Across much of the globe, the history of Roman Catholicism from the 15th Century through the 18th Century was largely synonymous with Spanish Colonialism. Spanish conquests and colonization of nations ranging from Asia to the Americas had increased Christian converts by the millions. These conversions later led to the full conversion of countries to Christianity. However, during the 19th and early 20th Centuries, many liberal governments started to promote anti-clerical laws which would cut down the authority of the Catholic Church withing their countries' borders. These laws soon led to the annihilation of many religious leaders' power, and the destruction of the Church's presence in governance.
The Explosion of Catholicism
Christian Catholicism was one of the means that the Spanish government used to colonize the New World. The real objective was to extend Spanish sovereignty over these nations. Although conversion to Christianity was a byproduct of Spanish rule and slavery, it was actually the Catholic Church in the Americas that raised its voice against slavery and cruelty to natives. Then, the 19th Century started the Vatican control of these colonies, and even allowed for the ordination of native clergy. These developments gave way to full Catholicism of Spain's former colonies, an effect that still lives on today.
Catholic Populations By Country
Brazil tops the list of countries with the most Catholic Christians at 133.7 million faithful or 65% of its total population. Fifty-seven percent of the population over the age of 16 are Catholic. Second on the list is Mexico with about 96.3 million Catholic Christians. Catholics count as 82.5% of the total population. Third is the Philippines with about 75.9 million Catholic Christians. It is more than 86% of the total population. Fourth is the United States with about 74.5 million Catholic Christians. It counts as 22% of the total population. Fifth is Italy with about 50.3 million Catholic Christians. It counts as 87.8% of the total population. Sixth is Colombia with about 38.1 million Catholic Christians. It counts as 79% of the total population. Seventh is France with about 37.9 million Catholic Christians. It counts as 45% of the total population. Eighth is Poland with about 35.3 million Catholic Christians. It counts as 92.2%% of the total population. Ninth is Spain with about 34.7 million Catholic Christians. It counts as 68% of the total population. Tenth is the Democratic Republic of Congo with about 31.2 million Catholic Christians. It counts as 50% of the total population.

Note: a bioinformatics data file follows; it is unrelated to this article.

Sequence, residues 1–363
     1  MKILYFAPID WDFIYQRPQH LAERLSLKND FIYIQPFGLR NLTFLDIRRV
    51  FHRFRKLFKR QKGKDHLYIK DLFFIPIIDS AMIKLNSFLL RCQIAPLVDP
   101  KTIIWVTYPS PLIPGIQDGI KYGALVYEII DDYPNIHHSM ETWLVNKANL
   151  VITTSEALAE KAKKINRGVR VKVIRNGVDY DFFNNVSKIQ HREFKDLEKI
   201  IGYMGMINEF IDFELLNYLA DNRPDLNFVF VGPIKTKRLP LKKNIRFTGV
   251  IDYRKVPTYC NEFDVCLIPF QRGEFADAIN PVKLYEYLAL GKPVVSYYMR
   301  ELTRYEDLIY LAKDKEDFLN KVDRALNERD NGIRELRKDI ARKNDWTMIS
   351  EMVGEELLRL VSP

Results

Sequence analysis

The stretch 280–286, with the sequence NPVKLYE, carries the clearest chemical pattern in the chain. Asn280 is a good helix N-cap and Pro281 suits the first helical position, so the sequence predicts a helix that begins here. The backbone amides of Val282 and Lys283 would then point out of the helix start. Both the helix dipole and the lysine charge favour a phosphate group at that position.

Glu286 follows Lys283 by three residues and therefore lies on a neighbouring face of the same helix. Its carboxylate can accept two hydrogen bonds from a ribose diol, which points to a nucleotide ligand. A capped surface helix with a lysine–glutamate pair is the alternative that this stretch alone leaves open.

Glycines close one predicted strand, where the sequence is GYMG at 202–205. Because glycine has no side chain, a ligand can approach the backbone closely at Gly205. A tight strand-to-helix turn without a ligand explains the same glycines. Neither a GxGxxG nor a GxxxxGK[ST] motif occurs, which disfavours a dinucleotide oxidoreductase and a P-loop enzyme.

Historical, Cultural, and Geopolitical Significance of Catholicism
The legacies left by the Spanish Conquistadors are still evident today, and can be seen in the majority of Catholic Christian populations in Asia, Europe, and the Americas. Historically, Catholic priests improved the lives of the indigenous peoples. The Clergy in converting the natives disallowed freedom of religion which today still persists in most areas. The separation of state and church began in the early 19th Century and spread to almost all former Spanish possessions. These provocations of the church led to many excommunications. Political repercussions and religious persecutions became the norm in the mid-20th Century when governments tried to stop the clergy from siding with the poor. As a result, "Liberation Theology" was introduced, and the movement gained ground. Conversely, today "Christian Revival" movements hope to supplant the former.